“Just because there was a GM strike does not mean the other two are off the hook,” said Kristin Dziczek, vice president of the Center for Automotive Research in Ann Arbor.
Separately, the UAW Mack Truck Council announced late Thursday that they have reached a tentative agreement, suspending a nearly two-week strike. Mack workers will be scheduled to return to their jobs. Mack Trucks has five facilities in Pennsylvania, Maryland and Florida.
The ratification spells an end to GM’s now idle Lordstown Assembly plant in Ohio.
GM is in talks to sell the facility to an investor group, Lordstown Motors, backed by electric truck maker Workhorse. But the local union members wanted GM to give the plant a new product to build after GM stopped building the Chevrolet Cruze compact car there in March.
The contract did not include a new product for Lordstown. It also does not include language to build a battery cell manufacturing facility near Lordstown, which was something GM proposed to the UAW during negotiations. But a GM spokesman confirmed the batter cell plant is still part of GM’s plans.
Local 1112, which represents Lordstown, voted to reject the proposed contract.
“Obviously we’re all disappointed and angry over what happened,” said Tim O’Hara, president of Local 1112. “For our members, they have to make some decisions now that they hoped they didn’t have to make. Many of them transferred to other plants and left their families behind hoping they’d return to Lordstown one day.”
In a statement, GM said it is moving forward with opportunities for future investments and job growth in Mahoning Valley in Ohio. These investments are outside the national agreement:
• An opportunity to bring battery cell production to the area, which would create 1,000 manufacturing jobs.
• The sale of the GM Lordstown complex to Lordstown Motors Corp., which plans to create 400 manufacturing jobs initially.
Local 1112 now represents fewer than 20 workers at Mahoning County Jobs and Family Services and Infinite Synergy in Youngstown, Ohio.
“Obviously, we have a lot of decisions to make as far as the local union,” said O’Hara. “We’ll sit down internally and we’ll have discussions with people at the regional level to see where we go from here.”
The local has enough finances to make it into early next year, he said. The potential of Lordstown Motors buying the plant and GM building a battery cell maker are options given, “they’re saying they want their workers to be UAW,” said O’Hara.
But those are 18 to 24 months down the road, “so we can’t sustain ourselves financially that long. So I don’t know what that means for Local 1112.”
The bitter battle
The strike against GM has been prolonged and at times painful. At one point, a public exchange of words saw GM insinuating the UAW was moving too slowly in negotiations and not responding to company proposals. The UAW fired back that GM was not taking the union seriously.
After that, it took the heavyweights coming to the table to reignite progress toward a deal. GM CEO Mary Barra and UAW President Gary Jones met with negotiators just days before the two sides finally reached a tentative agreement.
Many UAW leaders and labor experts said that despite the prolonged and sometimes-contentious negotiations, the agreement is a big win for UAW-represented workers at 55 GM facilities in 10 states who had been on strike since 12:01 a.m. Sept. 16.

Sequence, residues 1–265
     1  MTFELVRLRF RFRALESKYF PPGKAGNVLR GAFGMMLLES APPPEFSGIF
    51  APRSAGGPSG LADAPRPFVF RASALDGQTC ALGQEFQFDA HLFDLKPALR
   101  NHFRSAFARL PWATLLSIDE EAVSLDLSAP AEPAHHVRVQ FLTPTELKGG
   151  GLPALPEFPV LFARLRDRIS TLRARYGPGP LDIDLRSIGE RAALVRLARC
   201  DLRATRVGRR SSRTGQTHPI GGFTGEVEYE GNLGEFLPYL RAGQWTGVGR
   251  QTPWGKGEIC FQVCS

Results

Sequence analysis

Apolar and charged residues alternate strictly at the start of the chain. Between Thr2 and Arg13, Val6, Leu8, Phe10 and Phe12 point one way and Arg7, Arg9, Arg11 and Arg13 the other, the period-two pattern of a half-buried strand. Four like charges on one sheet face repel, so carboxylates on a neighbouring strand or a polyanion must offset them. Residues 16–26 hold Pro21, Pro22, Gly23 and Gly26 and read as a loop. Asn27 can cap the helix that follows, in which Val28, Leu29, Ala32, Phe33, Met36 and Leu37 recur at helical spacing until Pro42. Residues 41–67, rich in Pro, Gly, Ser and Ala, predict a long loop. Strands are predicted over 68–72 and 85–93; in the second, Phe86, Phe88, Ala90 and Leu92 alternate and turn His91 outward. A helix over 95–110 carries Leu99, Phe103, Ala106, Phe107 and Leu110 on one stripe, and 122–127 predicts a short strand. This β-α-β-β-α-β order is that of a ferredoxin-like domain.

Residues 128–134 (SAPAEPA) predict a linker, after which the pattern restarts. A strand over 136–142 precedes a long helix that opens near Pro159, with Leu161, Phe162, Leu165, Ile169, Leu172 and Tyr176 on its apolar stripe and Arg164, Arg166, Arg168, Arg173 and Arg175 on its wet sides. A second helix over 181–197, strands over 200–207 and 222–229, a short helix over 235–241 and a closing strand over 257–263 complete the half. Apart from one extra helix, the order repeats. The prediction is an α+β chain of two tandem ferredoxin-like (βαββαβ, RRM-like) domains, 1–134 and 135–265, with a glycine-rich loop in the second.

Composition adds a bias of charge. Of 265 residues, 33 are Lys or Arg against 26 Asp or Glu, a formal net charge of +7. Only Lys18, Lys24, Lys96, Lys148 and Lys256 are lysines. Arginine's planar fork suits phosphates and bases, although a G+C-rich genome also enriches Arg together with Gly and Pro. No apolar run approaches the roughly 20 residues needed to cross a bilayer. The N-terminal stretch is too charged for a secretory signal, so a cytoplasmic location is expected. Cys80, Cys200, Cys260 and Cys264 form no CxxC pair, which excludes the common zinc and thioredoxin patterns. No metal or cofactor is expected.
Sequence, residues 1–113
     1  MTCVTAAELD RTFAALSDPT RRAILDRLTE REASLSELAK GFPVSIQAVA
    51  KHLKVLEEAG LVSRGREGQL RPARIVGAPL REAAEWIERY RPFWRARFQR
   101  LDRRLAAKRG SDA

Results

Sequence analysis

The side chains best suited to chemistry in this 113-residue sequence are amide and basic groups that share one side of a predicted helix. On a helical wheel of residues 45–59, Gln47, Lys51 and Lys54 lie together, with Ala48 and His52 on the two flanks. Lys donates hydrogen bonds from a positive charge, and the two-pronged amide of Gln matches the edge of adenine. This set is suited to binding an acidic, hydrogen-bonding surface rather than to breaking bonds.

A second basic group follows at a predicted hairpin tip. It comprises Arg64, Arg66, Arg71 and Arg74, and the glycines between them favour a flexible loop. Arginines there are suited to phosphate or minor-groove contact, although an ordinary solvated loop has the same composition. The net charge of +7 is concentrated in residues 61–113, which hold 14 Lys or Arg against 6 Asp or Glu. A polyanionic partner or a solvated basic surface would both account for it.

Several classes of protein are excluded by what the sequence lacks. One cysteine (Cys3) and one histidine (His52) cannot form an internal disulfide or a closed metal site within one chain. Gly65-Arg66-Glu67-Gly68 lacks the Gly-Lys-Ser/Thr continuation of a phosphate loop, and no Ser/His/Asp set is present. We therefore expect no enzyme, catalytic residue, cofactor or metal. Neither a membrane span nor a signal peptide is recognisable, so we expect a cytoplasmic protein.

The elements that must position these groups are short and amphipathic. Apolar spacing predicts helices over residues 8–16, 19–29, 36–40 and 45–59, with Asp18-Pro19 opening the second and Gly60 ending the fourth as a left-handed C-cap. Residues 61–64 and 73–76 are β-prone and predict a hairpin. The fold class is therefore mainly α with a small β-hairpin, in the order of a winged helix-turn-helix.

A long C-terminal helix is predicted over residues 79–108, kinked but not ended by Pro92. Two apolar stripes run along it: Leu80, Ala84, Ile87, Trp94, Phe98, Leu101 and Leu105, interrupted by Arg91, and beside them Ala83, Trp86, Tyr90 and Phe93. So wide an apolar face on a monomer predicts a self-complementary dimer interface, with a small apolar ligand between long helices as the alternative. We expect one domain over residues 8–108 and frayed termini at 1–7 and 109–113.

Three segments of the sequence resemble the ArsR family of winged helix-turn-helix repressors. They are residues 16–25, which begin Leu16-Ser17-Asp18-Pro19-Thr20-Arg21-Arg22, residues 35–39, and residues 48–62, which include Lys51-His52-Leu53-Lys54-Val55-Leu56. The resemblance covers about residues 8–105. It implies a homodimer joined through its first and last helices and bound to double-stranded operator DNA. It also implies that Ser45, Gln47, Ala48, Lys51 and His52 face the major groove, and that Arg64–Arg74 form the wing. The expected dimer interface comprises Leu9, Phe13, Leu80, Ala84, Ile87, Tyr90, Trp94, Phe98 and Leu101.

The deal provides 4% lump sum wage payments in years one and three and 3% base wage increases in alternating years. It gets rid of long-term temporary worker status and holds hourly workers’ share of health care costs to 3%, among other provisions.
It also keeps GM’s Detroit-Hamtramck plant running by adding an electric pickup and other electric trucks. GM will invest $3 billion in the plant, which also will assemble batteries, and bring in 2,225 new jobs when it’s at full volume.
Warren (Mich.) Tech Center will get a new vehicle program, $200 million investment and retention of approximately 75 jobs under the agreement. Lansing (Mich.) Delta and Spring Hill, Tennessee, assembly plants get a next generation midsize SUV assembly worth $1 billion and 5,000 jobs.
Besides Lordstown Assembly Plant in Ohio, a transmission plant in Warren and Baltimore are to remain closed.
The ratification vote comes at a crucial time. The strike has already cost GM nearly a half-billion dollars a week. Anderson Economic Group in East Lansing said it cost GM another $400 million for the entire next week that the union remained out conducting ratification meetings with ballots due by Oct. 25.
GM has had to temporarily shutter other North American plants. On Oct. 19, GM halted production of its new 2020 Chevrolet Blazer SUV at its Ramos Arizpe Vehicle Assembly in Mexico due to a parts shortage from the UAW nationwide strike.
GM’s decision to build the Blazer in Mexico instead of a U.S. plant was a sore point with the UAW, as is low-cost Mexican production in general.
Also, GM’s production of the 2020 Chevrolet Silverado and GMC Sierra pickups at its Silao Assembly Plant in Mexico along with production of the previous generation pickups at GM’s Oshawa plant in Ontario, both went down during the strike because of a parts shortage.
The Corvette plant in Bowling Green, Kentucky, was to be retooled this month to build the much-anticipated 2020 Stingray, but that will be delayed while it finishes orders for the 2019 model.
Many of GM’s car dealers complained of a lack of parts to perform repairs in the service lanes. And, 100,000 related workers saw their income impacted because of the strike, economists said.
Likewise, UAW workers were getting by on $250 a week for almost a month until the union raised the strike wage to $275 a week on week Oct. 13. The cost to UAW workers is $14 million per day while they remain on strike and not working, Anderson Economic Group said.